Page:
Last week the High Mountain Summit, established by the World Meteorological Organization (WMO), convened in Geneva, Switzerland. WMO, an agency within the United Nations (UN) organized the conference to address changes to high mountain ecosystems as a result of rising global temperatures. WMO released a short video detailing the environmental changes occurring in high mountain regions and the importance of adapting to these changes.
Global climate change is threatening high mountain ecosystems, endangering wildlife and human populations alike. Approximately half of the world’s population relies on freshwater sourced from mountain ecosystems. Although, changes to seasonal runoff threatens this freshwater source. Retreating glaciers and changes to precipitation patterns increase the risk of flooding and avalanches. Flooding, avalanches, and lack of available freshwater impact human health and safety as well as local economies.
The UN General Assembly Resolution on Sustainable Mountain Development recognized the seriousness of threats from changing mountain ecosystems, warning they could have severe effects. The resolution states, “despite the progress that has been made in promoting sustainable development of mountain regions and conservation of mountain ecosystems, including their biodiversity, the prevalence of poverty, food insecurity, social exclusion, environmental degradation and exposure to the risk of disasters is still high.” In fact, according to the Food and Agriculture Organization of the UN, the population of people living in mountain regions increased between 2000 and 2012 and the number of people in mountain communities in developing countries vulnerable to food insecurity jumped by 30%.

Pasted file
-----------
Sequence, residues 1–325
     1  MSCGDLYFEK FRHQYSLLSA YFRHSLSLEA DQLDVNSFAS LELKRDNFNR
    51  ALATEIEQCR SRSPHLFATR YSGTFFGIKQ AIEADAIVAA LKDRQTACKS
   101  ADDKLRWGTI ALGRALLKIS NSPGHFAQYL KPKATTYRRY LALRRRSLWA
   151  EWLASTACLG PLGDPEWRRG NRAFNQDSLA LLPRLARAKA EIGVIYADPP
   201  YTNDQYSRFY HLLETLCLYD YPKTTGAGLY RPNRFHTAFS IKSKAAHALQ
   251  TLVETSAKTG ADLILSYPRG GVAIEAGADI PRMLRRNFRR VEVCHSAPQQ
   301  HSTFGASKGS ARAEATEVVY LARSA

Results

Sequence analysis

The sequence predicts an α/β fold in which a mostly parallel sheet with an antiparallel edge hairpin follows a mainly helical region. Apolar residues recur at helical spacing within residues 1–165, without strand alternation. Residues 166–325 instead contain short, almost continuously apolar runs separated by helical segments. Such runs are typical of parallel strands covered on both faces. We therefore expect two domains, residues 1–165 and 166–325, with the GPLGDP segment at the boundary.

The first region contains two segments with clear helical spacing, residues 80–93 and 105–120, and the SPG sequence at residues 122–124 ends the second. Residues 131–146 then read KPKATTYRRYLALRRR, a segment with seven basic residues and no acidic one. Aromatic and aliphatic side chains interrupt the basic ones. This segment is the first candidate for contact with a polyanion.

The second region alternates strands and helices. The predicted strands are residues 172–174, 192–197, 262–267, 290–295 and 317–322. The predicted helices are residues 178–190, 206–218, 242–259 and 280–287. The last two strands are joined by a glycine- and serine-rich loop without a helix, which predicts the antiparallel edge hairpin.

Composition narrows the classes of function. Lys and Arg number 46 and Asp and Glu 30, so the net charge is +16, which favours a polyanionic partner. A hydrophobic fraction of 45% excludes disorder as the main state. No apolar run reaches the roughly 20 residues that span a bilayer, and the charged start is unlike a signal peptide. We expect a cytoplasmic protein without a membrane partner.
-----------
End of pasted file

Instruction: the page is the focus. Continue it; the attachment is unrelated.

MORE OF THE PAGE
The High Mountain Summit was organized to increase dialogue, connect decision makers, local stakeholders, draw links between policy and science, and create a science-based action plan for addressing changes to high mountain ecosystems. According to the High Mountain Summit website, the main concerns dealt with at the summit included environmental changes in high mountain cryosphere, effects of these changes on both ecosystems and communities downstream, and water resource availability.
The High Mountain Summit came on the heels of the publication of the most recent IPCC report. In September, the IPCC released the “Special Report on the Ocean and Cryosphere in a Changing Climate”, which included an entire chapter devoted specifically to high mountain regions. The issue of global temperature changes and their impacts on high mountain ecosystems appears to be a growing concern for both governmental organizations and individual communities. A GlacierHub article published last month addressed effects of the melting Chiatibo Glacier on the nearby village of Bumburet in Pakistan. Situated in the Hindu Kush mountain range, Bumburet has experienced devastating flooding and landslides, threatening the community’s way of life.
Visibility of issues related to changing mountain environments will likely increase as concerns continue to grow. The next conference to look out for will be the UN Climate Change Conference, which is being held at IFEMA-Feria de Madrid in Madrid, Spain from the 2nd to the 13th of December, 2019.
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